- 5/1/2009   11:54:58 PM
  • 61
    this is what I needed to read. I run at least three times a week and have lately been feeling like I don't eat enough calories. I tried to stay on the low end of my calorie range, but I find myself only feeling full at the higher end, even on 'good' days where I don't eat the not-so-good foods. - 4/30/2009   10:07:44 AM
  • CHERRY7UP
    60
    I wouldn't consider myself an "athlete" but I definitely work out a lot so I'm hoping that will eventually give my metabolism a boost! - 4/9/2009   2:53:37 PM
  • FRANCOBOLI
    59
    About two years ago I started walking for weight loss and managed to take off 73 pounds. At that time I was averaging about 12 miles per day. In the last four months, I have becomed bored with spending 20 hours of my week walking ( I take off two days for various reasons including weather) and reduced my miles and time by walking an average of 7 miles per day for 5 days. I have stopped losing weight and in fact have gained 15 pounds of my lost weight. I cannot motivate myself to go back to the old schedule and in order to lose more weight I have to adjust my calorie intake by about 1000 calories per day to start losing on a food management program of my own. My question is (finally) has anyone used and been successful with either meditation and/or self-hypnosis.? I would appreciate any responses. - 3/28/2009   9:57:04 AM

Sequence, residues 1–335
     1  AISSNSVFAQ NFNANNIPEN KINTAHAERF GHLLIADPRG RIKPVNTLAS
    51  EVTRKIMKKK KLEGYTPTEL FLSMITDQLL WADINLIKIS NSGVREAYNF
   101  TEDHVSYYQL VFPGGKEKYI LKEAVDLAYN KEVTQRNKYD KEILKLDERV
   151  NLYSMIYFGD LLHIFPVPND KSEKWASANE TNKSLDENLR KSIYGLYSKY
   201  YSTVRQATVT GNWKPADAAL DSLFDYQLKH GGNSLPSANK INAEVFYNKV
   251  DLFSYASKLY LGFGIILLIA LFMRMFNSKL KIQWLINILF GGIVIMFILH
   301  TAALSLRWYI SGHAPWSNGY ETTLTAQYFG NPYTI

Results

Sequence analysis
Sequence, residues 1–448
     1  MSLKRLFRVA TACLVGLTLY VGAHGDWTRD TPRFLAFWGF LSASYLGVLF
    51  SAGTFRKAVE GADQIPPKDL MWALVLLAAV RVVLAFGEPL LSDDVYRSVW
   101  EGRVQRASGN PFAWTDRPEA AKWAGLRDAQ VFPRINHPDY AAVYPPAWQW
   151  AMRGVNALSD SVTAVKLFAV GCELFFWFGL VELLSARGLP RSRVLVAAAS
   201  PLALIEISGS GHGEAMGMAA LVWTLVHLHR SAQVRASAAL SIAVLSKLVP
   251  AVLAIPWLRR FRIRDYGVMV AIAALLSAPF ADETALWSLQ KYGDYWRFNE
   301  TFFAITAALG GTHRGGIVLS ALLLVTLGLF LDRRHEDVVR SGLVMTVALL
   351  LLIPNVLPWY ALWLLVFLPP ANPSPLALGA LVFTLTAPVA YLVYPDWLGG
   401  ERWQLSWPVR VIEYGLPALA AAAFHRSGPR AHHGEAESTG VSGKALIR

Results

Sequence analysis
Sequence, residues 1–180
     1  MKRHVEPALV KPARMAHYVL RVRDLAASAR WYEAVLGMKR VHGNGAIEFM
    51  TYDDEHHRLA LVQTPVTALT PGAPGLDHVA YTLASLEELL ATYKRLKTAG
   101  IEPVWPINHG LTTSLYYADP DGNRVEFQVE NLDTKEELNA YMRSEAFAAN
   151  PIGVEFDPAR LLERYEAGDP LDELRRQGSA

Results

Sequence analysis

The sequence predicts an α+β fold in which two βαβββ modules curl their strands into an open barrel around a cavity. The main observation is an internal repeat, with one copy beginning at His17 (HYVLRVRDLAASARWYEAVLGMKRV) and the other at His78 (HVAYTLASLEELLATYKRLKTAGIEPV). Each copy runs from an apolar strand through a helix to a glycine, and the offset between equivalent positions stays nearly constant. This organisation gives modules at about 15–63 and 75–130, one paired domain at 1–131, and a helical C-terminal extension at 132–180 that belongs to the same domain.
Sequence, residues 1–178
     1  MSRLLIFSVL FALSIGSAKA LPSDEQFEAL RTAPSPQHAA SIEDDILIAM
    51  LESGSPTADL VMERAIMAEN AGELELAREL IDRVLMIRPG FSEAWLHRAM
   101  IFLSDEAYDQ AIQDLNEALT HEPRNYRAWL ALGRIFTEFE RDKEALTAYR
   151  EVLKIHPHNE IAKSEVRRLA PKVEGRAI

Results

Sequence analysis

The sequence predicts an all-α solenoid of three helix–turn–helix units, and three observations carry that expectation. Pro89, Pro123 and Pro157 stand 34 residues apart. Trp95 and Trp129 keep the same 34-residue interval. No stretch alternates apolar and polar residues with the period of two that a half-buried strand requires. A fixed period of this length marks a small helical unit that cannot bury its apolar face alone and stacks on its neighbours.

• 58
    I started running again after a six year break from it and started out only one day a week due to the short days and it being too dark at either end of the work day. Now that daylight sticks around a while longer I added an extra day and what a boost in metabolism! I am female and 56 years old and plan to add a third day of running each week. Should be back to my desirable weight by summer. By the way, the distance is only about 3 miles so it doesn't take much time. If you can't run, then walk. Any activety is better than none. - 3/27/2009   9:24:32 AM